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Yoga studio opens doors

January 18, 2016
| By Pat Evans |
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Yoga Fever
Yoga Fever is located in Grand Rapids’ Uptown neighborhood and “combines old-school traditions with contemporary hot vinyasa classes.” Photo via

January is a big month for fitness and a new yoga studio in town.

Yoga Fever is scheduled to open today and offer $5 classes for the first two weeks, until it opens full-time in February.

Yoga Fever is in the Grand Rapids’ Uptown neighborhood, at 1154 Wealthy St. SE, near the intersection with Fuller Avenue SE.

More than exercise

The studio will be run by Shannon Austin, who didn’t fall in love with yoga until she moved to Grand Rapids from Grosse Pointe in 2009. She had been practicing on and half since 2004, but once she moved to the west side of the state, her daily practicing helped her realize yoga is more than just physical exercise.

“It’s an integral part of a fitness routine to help lengthen and strengthen muscles with cardio,” Austin said. “But practicing three to five times a week, it begins to change things, and you naturally gravitate toward a healthy lifestyle.”

Austin said shutting off from the world helps the emotional state of yoga practitioners.

“When you’re on the mat, you take that hour to be free of thought and society and all those things we’re conditioned to be a part of,” Austin said. “Strip all of that away, and we can now connect with things a bit bigger than ourselves.”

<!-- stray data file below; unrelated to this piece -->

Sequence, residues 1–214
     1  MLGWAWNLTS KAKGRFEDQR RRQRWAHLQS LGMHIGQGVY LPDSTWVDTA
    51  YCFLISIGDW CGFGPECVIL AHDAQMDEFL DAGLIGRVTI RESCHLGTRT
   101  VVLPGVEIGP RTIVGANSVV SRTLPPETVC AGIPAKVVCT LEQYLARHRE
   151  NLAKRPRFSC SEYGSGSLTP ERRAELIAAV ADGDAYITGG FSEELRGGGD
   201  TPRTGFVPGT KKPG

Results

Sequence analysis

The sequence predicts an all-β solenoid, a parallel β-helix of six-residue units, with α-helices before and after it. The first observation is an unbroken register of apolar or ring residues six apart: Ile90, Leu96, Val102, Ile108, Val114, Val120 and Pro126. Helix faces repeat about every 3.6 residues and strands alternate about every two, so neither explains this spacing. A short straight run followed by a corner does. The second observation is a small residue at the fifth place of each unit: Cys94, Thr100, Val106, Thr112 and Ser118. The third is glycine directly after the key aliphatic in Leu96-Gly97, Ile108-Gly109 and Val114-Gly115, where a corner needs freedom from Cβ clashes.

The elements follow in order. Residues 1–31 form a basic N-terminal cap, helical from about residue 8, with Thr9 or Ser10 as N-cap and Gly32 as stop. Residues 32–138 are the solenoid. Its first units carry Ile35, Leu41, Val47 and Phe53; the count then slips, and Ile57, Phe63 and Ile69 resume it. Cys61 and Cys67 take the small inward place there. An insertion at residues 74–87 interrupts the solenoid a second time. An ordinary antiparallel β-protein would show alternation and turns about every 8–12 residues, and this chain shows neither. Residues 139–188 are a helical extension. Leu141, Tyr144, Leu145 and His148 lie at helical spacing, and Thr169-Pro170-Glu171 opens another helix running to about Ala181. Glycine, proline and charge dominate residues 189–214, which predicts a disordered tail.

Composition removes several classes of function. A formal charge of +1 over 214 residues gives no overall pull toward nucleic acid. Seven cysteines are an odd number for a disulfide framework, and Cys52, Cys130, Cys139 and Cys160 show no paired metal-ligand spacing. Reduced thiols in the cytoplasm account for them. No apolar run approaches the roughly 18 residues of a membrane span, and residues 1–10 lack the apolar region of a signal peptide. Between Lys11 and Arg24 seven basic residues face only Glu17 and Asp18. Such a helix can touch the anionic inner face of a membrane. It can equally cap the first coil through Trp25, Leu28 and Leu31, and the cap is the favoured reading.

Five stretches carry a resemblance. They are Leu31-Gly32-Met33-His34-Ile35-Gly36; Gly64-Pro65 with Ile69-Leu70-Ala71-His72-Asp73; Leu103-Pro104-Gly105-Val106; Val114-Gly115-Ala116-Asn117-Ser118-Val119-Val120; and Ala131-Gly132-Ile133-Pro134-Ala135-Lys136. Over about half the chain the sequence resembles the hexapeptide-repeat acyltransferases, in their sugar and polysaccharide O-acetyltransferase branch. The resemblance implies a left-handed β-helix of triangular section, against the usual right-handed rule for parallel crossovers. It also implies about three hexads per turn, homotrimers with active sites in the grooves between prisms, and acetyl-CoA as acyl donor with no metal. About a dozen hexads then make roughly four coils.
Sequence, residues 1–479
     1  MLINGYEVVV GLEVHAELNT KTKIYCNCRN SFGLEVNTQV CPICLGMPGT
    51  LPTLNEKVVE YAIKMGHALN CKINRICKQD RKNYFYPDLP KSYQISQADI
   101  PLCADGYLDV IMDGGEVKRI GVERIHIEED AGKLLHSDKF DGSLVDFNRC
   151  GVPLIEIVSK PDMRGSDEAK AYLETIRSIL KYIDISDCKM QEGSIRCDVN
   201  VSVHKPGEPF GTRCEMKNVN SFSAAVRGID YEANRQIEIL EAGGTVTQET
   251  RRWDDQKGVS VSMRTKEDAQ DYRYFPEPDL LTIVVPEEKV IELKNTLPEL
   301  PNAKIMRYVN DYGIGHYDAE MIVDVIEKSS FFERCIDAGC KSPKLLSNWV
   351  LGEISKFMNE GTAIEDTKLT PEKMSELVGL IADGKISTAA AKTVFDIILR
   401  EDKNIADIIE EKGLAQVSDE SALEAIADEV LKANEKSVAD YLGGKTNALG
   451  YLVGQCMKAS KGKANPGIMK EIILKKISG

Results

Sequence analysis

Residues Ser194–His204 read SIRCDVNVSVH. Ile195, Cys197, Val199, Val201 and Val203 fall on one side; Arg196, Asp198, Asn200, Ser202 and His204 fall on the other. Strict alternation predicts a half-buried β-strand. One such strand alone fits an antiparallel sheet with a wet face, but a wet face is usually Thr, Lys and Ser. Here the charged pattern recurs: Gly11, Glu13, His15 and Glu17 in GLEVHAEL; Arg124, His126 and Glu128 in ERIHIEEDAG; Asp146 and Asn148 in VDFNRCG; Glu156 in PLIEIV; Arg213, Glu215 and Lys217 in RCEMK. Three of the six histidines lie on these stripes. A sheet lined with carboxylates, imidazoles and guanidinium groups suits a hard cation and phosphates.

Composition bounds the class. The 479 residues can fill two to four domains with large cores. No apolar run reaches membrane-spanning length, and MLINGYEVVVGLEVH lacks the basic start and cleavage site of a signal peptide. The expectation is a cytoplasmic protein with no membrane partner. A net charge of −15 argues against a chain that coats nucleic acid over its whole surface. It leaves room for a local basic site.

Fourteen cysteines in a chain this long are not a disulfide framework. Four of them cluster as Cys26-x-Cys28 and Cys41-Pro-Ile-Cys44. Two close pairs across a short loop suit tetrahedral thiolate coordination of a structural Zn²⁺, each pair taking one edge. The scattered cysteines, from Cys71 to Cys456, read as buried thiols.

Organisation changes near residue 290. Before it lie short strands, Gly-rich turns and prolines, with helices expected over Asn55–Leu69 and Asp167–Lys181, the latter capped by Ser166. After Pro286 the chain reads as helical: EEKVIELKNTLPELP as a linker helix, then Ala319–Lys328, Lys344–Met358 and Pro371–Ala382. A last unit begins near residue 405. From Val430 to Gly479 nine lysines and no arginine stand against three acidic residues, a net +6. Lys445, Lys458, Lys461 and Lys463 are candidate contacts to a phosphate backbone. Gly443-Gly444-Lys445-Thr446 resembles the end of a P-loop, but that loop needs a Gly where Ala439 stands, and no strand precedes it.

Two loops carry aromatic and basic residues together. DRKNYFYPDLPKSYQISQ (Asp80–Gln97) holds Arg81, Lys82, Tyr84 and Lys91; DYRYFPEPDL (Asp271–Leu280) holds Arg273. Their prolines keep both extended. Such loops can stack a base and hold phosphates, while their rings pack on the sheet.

Her realization yoga is more than just a physical practice came when she was at “rock bottom.”

Eventually, she took a yoga-teacher course and began teaching in 2011. In July 2015, she decided it was time to pursue her own yoga studio and found the commercial space that would become Yoga Fever.

Yoga Fever

Yoga Fever is a hot yoga studio that is temperature controlled to keep it between 95 and 99 degrees, with a humidity between 40 and 45 percent. The heat is meant to help sweat out toxins, increase cardio benefits and expand muscles.

The style of yoga is vinyasa, which links breathing with movement, and Austin and her nine instructors will practice both static and dynamic poses.

At least 30 classes will be offered each week, once the studio is fully operational next month.

“We’re using our own format, and all of our teachers are teaching in a similar style, but there will be a different class every time,” Austin said.  

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